We pride ourselves on being adventurous eaters and cooks, Mark and I. We entertain ourselves with food versions of adolescent games like “truth or dare” or “never have I ever.” (Could you bring yourself to drink a mixture of raw cow’s blood and milk as the Maasai people supposedly do? Did you really eat horse and does it taste like venison?)
For a while now, we’ve been planning to make turtle soup. It all started because Mark found a Japanese culinary student’s flickr page, which featured a butchered turtle. He put a link to it on this blog and we got an irate response from a person calling herself “myratheturtlefan.”
She wrote: “you ppl r diqusting y would u even eat a turtle how would u like it if the turtle ate u!!!???!!! FYI i am in luv wut turtles!!!!!!!!!!!! obviously turtles will never be in luv wit u!!!!!!!!!!”
It was our first hate mail. And we didn’t even cook the darn thing. We figured if we were going to suffer the consequences, we might as well do the deed. Also, we thought back to Babette’s Feast, the sensual Danish film about a cook who decides to create a real French feast, an extravagant banquet of epic proportions, for her puritanical employers, and the first course is turtle soup.
We had been talking about making it together for weeks. So finally, yesterday was the day. Around noon, we met in Chinatown to search for the most important (and controversial) ingredient of the potage à la tortue: the turtle.
Without much difficulty, we found a seafood shop on Bayard and past the rows of fish and shrimp, inside one of the large plastic tubs, was a turtle. He didn’t seem to be moving much. Mark wanted one with more “snap” to it, but the man explained it was the last one. We decided to shop around.
But no other place seemed to sell turtles. After trying a few other stores, we decided to just go back and get it, however sluggish it was. But somehow, in the twenty minutes between when we left the store and came back, someone else had decided they also wanted the turtle and bought it.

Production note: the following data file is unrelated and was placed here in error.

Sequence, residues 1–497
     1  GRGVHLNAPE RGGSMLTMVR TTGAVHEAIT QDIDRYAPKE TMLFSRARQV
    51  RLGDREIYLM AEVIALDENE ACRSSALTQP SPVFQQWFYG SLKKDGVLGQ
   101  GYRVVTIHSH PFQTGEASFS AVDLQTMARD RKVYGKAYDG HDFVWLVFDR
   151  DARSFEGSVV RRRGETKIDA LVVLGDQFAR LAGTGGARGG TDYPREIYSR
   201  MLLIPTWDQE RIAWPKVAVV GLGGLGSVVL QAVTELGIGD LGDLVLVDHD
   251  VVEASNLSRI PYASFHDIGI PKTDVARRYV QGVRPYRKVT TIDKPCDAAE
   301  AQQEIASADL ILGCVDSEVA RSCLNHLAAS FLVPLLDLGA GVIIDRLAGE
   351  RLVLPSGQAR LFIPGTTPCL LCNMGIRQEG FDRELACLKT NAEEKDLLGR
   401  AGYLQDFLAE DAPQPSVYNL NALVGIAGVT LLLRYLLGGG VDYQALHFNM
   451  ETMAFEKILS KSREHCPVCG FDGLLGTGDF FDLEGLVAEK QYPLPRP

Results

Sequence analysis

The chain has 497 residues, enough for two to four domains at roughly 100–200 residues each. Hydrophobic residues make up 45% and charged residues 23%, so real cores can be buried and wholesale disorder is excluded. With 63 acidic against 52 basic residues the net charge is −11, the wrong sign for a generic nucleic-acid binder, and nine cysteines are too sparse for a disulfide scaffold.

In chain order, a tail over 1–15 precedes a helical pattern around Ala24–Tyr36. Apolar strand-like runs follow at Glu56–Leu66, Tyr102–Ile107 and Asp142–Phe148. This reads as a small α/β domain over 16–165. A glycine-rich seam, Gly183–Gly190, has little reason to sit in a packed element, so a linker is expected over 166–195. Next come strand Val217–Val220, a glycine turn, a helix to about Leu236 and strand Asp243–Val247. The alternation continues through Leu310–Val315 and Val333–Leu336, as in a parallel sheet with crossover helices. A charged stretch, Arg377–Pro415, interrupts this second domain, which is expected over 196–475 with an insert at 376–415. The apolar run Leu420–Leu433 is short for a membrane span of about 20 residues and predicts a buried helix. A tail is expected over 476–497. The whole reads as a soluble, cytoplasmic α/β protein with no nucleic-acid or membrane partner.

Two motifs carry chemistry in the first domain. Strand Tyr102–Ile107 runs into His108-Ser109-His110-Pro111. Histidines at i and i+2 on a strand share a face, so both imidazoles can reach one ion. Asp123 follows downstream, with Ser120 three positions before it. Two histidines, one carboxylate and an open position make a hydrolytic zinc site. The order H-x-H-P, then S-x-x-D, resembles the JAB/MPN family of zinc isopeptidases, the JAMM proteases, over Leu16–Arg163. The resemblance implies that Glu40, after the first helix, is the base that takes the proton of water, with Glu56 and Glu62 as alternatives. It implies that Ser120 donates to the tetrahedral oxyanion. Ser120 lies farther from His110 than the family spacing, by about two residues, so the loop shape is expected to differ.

This was already starting to be more of a hassle than we had anticipated. While we always enjoy hunting down rare ingredients, we were hungry and tired and getting irritable. We decided to have dim sum and come up with a game plan. We’d go to Hong Kong Supermarket on Hester and if they didn’t have turtles, we swing around on Grand Street in hopes of finding some there. If there were no turtles on Grand Street, we’d have to just count our losses and try again next week.
But Mark was tenacious and on a mission. We were going to find a turtle and cook it. His enthusiasm bolstered mine. And luckily for us, there was a tank full of turtles at Hong Kong Supermarket. “Do you want me to kill it?” the man asked? Mark said no. It seemed better to keep it alive until we were ready to cook it. But this proved to be a terrible decision. Killing turtles is harder than you think.
When we got to my apartment, we spread out some newspaper on my kitchen table and placed the turtle on a cutting board. Every recipe online seemed to suggest that chopping off its head is the best way to do it. How to get the turtle to stick its head out so you can actually chop it off was another matter.
One website said that if you give the turtle something to bite down on, it will stick its head out and take the bait. A wooden skewer didn’t do the trick as we had hoped. It was completely disinterested. Ditto for a piece of parsley we were using to try and lure it out. (Who can blame it for having no appetite? What do turtles eat, anyway?)
Maybe we could use a pair of tongs and gently pinch its head out, I suggested. Mark needed both his hands to hold the turtle and chop its head, so I would have to pull it out. I was already disturbed by the whole process and only agreed to it because Mark assured me he’d butcher it.
For me, if I buy an uncooked steak or a chicken leg or any other kind of meat, I am removed enough from the living animal it doesn’t bother me for a second. But seeing the thing crawl around and have to take its life was too much for me. (Except for lobster. I have no qualms about lobster.)
If I don’t have ethical problems with eating meat, I should have no ethical problems killing the animal for its meat, I reasoned, but as soon as I touched the turtle’s flesh with the tongs and felt it wiggle, I was horrified. I couldn’t do it. Then Mark suggested he just chop it from the shoulders up. The shell was reasonably soft and we wouldn’t be damaging any major organs but we’d still kill it in one swift blow.
It was very tense. I started to feel like we were doing something really awful and misguided. Like we were two steps away from putting a black sack over the poor guy’s head and videotaping the whole gruesome decapitation to send to Al-Jazeera.